My birthday is right around the corner—in September—but my friend Barbara will be home in Pennsylvania by then. So we got together for tea and cookies, and she gave me a lovely tea towel.

“I thought of  you when I saw it,” she said.

“Oh, it’s so lovely. I don’t want to use it,” I replied.

Barbara gave me a stern look. “I gave the towel to you to be used.”

She’s right, of course. What’s the sense of having the towel and not using it? So here it is, covering rising bread dough, and this is how the tea towel  will be used from now on. But the tea towel is pretty, isn’t it? Wouldn’t you hate to use it?

And speaking of pretty…I am slowly, slowly coming around to begonias. They’re bright, they do well in part sun, part shade, which is the best my yard gets, and they last straight through until fall. In short, they are troopers. (I hope you noticed the little fairy hovering over them.)

Readers might recall that this was the year I succumbed to hostas. I had lost far too many flowers in the dry shade that is the reality of much of my yard. Finally I snapped, digging like a fiend, splitting up hostas I already had, and planting them wherever there was a hole left by a dead plant. And there were holes aplenty. Now, in late summer, I see the wisdom of all that mad activity in the spring. The front yard actually looks pretty good. There are no masses of flowers, but that’s pretty much true for the entire season. Most important, there are no ugly bare patches.

In the backyard, a plant has crept onto the patio, and Clif thinks it might be an evil creature from Doctor Who. But Clif is wrong. Instead, it is a cucumber, exploring and expanding. So far, I’ve only gotten a few cucumbers. I hope I get more before the frost comes.

This last shot might seem a little odd. This really is our kitchen wastebasket, and there is nothing distinguished about it. I included the wastebasket because in an effort to reduce trash and my carbon footprint, I had set a modest goal for myself. Instead of a bag of trash a week, I resolved to have a bag of trash every other week. I am happy to report that this goal has been met, chiefly by buying more in bulk, cooking more from scratch, and being careful about the packaged goods I do buy.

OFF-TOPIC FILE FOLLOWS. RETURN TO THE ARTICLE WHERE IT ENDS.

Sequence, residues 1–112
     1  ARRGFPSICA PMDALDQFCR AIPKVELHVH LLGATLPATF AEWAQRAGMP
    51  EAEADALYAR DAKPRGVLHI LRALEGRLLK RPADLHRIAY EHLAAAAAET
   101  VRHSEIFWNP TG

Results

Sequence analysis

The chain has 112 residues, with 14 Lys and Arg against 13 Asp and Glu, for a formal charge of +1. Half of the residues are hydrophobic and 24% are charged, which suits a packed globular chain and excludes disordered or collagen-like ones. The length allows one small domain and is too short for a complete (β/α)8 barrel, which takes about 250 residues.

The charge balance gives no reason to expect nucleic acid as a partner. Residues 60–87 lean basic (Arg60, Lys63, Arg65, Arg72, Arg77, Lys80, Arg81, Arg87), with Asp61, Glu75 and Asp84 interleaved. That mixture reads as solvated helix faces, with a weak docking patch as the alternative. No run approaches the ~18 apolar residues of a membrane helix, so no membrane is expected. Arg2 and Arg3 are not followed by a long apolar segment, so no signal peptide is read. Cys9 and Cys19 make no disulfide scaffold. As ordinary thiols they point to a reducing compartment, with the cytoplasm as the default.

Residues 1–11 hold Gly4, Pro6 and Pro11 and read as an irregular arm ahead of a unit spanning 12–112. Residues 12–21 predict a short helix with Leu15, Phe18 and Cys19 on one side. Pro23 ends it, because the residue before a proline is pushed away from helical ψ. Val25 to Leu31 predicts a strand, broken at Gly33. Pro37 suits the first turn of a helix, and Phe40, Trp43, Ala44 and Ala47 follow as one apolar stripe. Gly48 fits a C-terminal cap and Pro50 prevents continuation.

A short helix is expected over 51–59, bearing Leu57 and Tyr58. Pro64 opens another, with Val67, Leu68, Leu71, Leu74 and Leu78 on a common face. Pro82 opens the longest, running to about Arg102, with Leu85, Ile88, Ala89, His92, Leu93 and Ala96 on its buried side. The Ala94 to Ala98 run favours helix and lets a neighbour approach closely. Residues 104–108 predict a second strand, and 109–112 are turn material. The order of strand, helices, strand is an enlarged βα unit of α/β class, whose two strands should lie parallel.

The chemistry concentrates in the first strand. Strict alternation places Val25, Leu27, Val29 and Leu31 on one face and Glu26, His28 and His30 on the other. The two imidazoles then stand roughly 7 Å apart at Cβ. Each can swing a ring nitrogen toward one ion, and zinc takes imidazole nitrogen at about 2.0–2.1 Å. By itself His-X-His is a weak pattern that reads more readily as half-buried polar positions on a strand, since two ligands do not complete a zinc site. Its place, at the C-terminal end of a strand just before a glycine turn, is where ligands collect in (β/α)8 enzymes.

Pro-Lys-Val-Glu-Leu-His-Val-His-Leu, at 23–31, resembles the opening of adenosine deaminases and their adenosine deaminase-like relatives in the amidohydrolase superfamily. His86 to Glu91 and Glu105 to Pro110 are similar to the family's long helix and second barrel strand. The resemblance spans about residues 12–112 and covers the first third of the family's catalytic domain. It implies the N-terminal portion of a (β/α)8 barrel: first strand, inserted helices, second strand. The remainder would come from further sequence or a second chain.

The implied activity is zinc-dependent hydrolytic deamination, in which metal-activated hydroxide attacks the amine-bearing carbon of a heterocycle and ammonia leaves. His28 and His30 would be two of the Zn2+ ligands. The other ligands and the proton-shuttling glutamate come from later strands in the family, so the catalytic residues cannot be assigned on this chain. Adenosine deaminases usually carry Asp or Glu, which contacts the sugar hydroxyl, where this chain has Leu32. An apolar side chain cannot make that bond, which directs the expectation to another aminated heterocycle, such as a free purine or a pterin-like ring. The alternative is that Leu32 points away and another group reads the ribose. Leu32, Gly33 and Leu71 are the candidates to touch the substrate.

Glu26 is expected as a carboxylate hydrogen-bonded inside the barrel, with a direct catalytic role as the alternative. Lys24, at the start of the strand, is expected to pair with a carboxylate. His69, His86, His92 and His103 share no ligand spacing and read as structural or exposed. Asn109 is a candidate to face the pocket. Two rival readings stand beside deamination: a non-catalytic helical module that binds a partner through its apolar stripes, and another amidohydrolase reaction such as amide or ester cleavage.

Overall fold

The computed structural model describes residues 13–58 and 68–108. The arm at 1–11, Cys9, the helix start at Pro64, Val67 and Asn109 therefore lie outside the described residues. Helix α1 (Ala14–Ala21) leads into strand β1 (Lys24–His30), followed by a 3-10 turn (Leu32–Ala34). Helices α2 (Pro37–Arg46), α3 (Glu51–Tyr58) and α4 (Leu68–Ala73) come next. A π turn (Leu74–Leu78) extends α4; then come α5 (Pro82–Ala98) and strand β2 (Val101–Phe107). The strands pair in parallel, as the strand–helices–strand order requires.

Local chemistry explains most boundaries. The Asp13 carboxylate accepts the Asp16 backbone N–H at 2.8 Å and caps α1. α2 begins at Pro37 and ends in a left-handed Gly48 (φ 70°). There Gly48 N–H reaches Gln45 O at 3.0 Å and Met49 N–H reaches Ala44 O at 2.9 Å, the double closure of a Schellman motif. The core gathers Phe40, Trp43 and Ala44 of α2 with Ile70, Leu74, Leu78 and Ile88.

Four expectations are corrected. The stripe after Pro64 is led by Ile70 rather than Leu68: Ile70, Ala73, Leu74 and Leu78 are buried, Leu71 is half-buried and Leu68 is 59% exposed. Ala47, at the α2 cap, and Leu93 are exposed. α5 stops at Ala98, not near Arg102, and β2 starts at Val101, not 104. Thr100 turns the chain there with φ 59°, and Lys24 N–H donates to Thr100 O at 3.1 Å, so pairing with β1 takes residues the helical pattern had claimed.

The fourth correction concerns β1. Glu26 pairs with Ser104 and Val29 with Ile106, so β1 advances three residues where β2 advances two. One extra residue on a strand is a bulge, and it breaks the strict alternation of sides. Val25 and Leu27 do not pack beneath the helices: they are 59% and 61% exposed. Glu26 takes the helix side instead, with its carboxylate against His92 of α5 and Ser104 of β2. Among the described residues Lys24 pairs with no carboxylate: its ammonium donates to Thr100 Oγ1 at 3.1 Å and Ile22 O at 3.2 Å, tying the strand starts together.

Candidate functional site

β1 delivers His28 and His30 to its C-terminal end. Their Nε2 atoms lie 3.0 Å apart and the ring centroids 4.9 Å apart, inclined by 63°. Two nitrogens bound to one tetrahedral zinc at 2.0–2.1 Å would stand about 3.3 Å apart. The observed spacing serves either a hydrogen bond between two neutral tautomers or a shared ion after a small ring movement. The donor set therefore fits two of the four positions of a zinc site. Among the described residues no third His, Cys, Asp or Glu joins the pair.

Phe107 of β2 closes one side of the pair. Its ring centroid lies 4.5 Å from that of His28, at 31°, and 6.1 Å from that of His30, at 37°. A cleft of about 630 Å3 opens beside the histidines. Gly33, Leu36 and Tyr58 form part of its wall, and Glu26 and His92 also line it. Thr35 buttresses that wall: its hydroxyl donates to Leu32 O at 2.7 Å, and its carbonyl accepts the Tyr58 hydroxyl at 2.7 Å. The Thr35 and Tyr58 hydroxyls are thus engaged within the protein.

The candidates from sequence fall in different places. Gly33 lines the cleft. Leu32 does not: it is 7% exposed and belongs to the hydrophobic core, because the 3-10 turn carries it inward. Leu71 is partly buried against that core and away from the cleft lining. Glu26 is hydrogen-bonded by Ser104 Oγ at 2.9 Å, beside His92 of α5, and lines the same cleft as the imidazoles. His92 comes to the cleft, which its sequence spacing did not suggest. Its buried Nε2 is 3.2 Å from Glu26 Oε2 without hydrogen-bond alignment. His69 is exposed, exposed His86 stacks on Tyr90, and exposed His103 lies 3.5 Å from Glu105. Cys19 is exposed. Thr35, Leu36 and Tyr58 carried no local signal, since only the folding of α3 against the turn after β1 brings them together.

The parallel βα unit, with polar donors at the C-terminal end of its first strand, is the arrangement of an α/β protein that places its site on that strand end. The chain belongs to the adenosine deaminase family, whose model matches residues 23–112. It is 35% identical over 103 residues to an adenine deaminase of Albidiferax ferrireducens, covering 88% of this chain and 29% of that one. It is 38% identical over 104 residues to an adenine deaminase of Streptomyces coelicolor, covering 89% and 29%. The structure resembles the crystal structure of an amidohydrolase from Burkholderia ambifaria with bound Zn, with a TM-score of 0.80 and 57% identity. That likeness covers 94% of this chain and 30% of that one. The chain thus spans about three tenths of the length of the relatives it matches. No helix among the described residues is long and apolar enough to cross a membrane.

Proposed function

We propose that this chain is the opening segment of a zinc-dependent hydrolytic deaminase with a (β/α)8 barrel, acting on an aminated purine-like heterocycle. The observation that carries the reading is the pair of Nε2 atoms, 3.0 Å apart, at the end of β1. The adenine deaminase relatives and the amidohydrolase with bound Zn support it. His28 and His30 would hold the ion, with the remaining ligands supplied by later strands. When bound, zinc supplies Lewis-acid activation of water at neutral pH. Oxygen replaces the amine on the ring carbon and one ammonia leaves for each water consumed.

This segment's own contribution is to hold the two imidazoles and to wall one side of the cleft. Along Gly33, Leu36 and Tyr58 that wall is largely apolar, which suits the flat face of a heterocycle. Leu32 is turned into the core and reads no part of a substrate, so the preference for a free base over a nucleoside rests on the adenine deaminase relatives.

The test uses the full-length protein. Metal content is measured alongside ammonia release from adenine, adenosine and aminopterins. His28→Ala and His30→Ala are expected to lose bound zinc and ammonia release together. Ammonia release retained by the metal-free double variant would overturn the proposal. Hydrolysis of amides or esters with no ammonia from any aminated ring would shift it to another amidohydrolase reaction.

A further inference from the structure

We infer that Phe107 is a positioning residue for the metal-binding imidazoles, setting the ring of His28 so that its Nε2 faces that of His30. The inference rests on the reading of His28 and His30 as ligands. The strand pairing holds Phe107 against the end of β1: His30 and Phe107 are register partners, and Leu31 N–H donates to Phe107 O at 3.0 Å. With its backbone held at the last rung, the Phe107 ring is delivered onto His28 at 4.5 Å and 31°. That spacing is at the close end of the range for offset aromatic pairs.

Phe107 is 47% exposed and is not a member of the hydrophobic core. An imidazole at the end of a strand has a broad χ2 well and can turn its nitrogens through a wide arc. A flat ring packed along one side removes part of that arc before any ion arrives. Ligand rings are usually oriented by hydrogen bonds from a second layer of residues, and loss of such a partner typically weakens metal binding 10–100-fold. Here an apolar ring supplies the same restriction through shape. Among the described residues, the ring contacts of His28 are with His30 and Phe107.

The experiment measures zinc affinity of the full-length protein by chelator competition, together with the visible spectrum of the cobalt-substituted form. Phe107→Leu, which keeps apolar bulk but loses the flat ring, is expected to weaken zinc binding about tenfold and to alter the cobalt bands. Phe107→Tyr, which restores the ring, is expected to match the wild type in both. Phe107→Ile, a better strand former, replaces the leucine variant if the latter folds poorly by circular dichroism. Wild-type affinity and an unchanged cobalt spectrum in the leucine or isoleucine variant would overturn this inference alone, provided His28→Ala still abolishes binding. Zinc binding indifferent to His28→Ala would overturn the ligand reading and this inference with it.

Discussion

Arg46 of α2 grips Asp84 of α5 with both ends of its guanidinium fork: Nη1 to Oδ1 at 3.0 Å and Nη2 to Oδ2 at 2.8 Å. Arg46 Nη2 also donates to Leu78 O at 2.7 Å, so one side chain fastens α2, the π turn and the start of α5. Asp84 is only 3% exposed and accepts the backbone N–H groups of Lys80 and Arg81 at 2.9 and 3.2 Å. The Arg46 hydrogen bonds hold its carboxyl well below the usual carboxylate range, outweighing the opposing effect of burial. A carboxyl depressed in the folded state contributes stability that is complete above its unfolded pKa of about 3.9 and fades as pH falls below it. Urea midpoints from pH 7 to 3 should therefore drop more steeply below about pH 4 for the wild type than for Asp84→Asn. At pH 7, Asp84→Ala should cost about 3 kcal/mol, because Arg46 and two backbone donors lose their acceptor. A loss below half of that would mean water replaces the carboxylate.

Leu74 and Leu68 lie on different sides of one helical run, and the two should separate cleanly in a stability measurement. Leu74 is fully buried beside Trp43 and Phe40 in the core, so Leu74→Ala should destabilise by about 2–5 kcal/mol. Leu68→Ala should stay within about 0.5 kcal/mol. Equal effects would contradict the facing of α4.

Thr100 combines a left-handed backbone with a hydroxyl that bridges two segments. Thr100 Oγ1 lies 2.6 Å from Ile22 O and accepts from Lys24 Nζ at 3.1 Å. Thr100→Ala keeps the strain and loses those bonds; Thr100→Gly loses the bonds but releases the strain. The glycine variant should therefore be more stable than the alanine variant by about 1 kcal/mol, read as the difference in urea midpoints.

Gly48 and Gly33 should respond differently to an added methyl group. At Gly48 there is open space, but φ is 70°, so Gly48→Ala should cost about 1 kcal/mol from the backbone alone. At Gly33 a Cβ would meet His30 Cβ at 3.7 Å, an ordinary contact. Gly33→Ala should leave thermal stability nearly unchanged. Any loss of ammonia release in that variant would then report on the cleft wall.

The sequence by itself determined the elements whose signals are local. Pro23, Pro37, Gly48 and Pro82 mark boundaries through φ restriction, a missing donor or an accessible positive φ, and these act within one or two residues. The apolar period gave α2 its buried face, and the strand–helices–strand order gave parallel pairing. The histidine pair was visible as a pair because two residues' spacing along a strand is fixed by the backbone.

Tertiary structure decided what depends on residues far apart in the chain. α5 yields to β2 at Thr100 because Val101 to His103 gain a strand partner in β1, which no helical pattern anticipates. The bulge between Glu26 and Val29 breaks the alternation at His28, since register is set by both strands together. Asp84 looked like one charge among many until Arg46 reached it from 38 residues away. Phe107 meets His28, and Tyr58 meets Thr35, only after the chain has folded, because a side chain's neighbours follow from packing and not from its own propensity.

My next goal? A bag of trash every third week. That one will be harder to achieve.

Stay tuned!

 

A Very Maya Weekend

On Saturday and Sunday, Clif and I went to two events to sell our books—Maya and the Book of Everything and The Wave of Time.  A busy weekend but a good one.

On Saturday, we set up at the Winthrop Sidewalk Art Festival, which was right in our own little town. How nice it was to only drive a mile to get to this event. On the other hand, the weather was far from nice. In the morning, it rained, and when the rain stopped a high wind blew through town. Here is the gray view from our booth.

Nevertheless, lots of people—bearing umbrellas—came to the art festival, and we sold quite a few books. So despite the bad weather, we did well.

The next day, Sunday, was a much better day, and off to Lewiston we went to the Sunday Indie Market, which had a fun, funky vibe.

Unfortunately, there was another big event in the area—a balloon festival—so not many people came to the Indie Market. No matter! We still had a good time, and we loved being a part of the Market.

We enjoyed being on the city sidewalk and hearing a clock in the distance chime at noon.

Clif at our tent

On one side of me was Courtney Schlacter from Quiet City Books, which is not far from where the Indie Market was held. Three copies of Maya and the Book of Everything soon will be in her store, and for the December Indie Market, we’ll have a pop-up table at Quiet City Books.

On the other side of us was Bella’s Best Sweets & Treats. Oh, my! I, of course, succumbed to a cupcake, and it was ever so good—moist, chocolatey, and filled with cream. And, yes, I did share it with Clif.

Nearby, to add to the fun, a folksy, bluesy band played.

Not a bad way to spend a sunny Sunday afternoon! And kudos to the Indie Market group who, among others, is helping to revitalize Lewiston, a factory city that has been down in the heels for quite a while.